Team Vroomy is gearing up to race in Type One’s family-friendly, four-mile Renegade Run Obstacle Course Race on October 20, 2019, to raise awareness and funds for type 1 diabetes research at Massachusetts General Hospital (MGH), and to provide assistance for diabetes management and treatment to those living with the disease.
Led by Hingham residents Ashley and Robert Windsor, Team Vroomy has been participating in Renegade Run each year in support of Type One’s mission. Their son, Vroomy (now six-years-old) was diagnosed with type 1 diabetes at the age of two.
“The first Renegade Run our family did was prior to Vroomy’s diagnosis. The race is in Hingham and we wanted to support those in our community. Then, Vroomy was diagnosed and it affected us directly,” explained Ashley Windsor. “Vroomy is happy and doing well. Type 1 diabetes has not slowed him down at all! After his diagnosis, Team Vroomy was formed with four participants – my husband and family members – and our team has grown ever since.”
In 2017, Team Vroomy had 44 participants in support of Type One and Vroomy and last year, they had an impressive 77 participants (30 of them were children). The Windors hope to have 100 runners in this year’s race. Team Vroomy is easy to spot on the course, with their signature logo on their custom t-shirts and headbands. “We are so excited for this year’s Renegade Run! Team Vroomy is hoping to break the 100 person mark,” said Windsor.
She continued, “We’ll do anything we can to support Renegade Run and raise awareness and research funds for T1D. Our family is thrilled to do this race every year for as long type 1 exists. We are Team Vroomy!”
Event To Cure Type 1 Diabetes
Type One’s Renegade Run Obstacle Course Race will be held Sunday, October 20, 2019 at Bare Cove Park in Hingham. The family-friendly race begins at 9:00 AM and is open to the public. It will feature a course through four miles of paved trails and wooded terrain with over 25 obstacles including monkey bars to cross, walls and cargo nets to climb, and tunnels to crawl through. Event activities include a Mini Renegade Run for kids, live concert, food trucks, vendors and beer tent.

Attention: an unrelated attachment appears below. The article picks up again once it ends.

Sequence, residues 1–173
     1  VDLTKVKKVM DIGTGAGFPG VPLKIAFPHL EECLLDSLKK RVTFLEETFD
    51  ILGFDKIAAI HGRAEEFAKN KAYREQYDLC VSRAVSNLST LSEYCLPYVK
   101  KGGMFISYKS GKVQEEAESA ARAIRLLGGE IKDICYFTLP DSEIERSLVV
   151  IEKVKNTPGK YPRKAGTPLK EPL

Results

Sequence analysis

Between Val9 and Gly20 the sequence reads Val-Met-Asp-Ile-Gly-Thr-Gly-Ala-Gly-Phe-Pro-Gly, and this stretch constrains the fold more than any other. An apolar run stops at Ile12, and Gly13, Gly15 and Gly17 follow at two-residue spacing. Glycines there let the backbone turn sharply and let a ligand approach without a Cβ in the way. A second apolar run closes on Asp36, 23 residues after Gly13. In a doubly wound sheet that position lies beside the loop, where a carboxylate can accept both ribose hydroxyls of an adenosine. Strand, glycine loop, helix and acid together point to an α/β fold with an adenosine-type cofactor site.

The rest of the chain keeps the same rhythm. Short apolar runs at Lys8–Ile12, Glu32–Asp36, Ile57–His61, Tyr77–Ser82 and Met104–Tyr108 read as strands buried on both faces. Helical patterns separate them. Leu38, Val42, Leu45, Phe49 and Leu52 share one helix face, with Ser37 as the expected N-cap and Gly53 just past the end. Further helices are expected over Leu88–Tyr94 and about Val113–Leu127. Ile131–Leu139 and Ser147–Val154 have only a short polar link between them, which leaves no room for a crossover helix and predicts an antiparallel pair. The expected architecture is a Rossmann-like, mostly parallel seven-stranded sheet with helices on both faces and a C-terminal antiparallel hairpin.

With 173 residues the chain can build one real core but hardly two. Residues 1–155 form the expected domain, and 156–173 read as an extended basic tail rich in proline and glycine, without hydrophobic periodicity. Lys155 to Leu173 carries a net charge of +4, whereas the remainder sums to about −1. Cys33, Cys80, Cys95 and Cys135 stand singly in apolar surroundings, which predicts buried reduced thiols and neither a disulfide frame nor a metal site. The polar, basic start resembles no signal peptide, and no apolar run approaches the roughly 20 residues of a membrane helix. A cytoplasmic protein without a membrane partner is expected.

Funds raised will support Type One’s mission to raise funds and awareness for type 1 diabetes research at Massachusetts General Hospital (MGH). To date, Type One’s annual Renegade Run has generated tens of thousands of dollars to support the Faustman Lab at MGH which is focused on discovering and developing new treatments for type 1 diabetes, a vaccine for the reversal of long-term type 1 diabetes and other autoimmune diseases.
In addition to supporting the Faustman Lab at MGH, Type One donation and fundraising platforms help provide scholarships to local children with type 1 diabetes to attend type 1 diabetes camp, as well as providing qualifying recipients with assistance for diabetes management and treatment.
There will be free t-shirts and finisher medals for those who complete the Renegade Run, a complimentary beer for those 21+, free parking, no spectator fee, and many other surprises.
To register for the 8th Annual Renegade Run Obstacle Course Race, visit https://typeonerenegaderun.com/register/. Unable to attend on race day? Register as a Virtual Runner.
To create a Renegade Run fundraising page, or to start a fundraiser or to make a donation, visit https://typeonerenegaderun.com/fundraise/
About Type One
Type One, a 501(c)(3) nonprofit organization, recognizes a world free of type 1 diabetes (T1D) and is dedicated to that future by raising public awareness and funds toward a cure through research. Type One was founded in 2012 by a group of South Shore residents to support their friend Tyson Sunnerberg, who was diagnosed with type 1 diabetes, an autoimmune disease in which a person’s pancreas stops producing insulin, when he was 21 years old. On November 25, 2012, the first ever Renegade Run Obstacle Course Race was held raising awareness and funds toward a cure.
To date, Type One’s Renegade Run has generated tens of thousands of dollars to support the Faustman Lab at MGH, which is run by Dr. Denise Faustman, director of the Immunobiology Laboratory at MGH, and is focused on discovering and developing new treatments for type 1 diabetes and other autoimmune diseases. Dr. Faustman is currently leading a human clinical trial program testing the efficacy of the BCG (bacille Calmette-Guerin) vaccine for reversal of long-term type 1 diabetes. For more information on the Faustman Lab at MGH and type 1 diabetes, visit www.faustmanlab.org.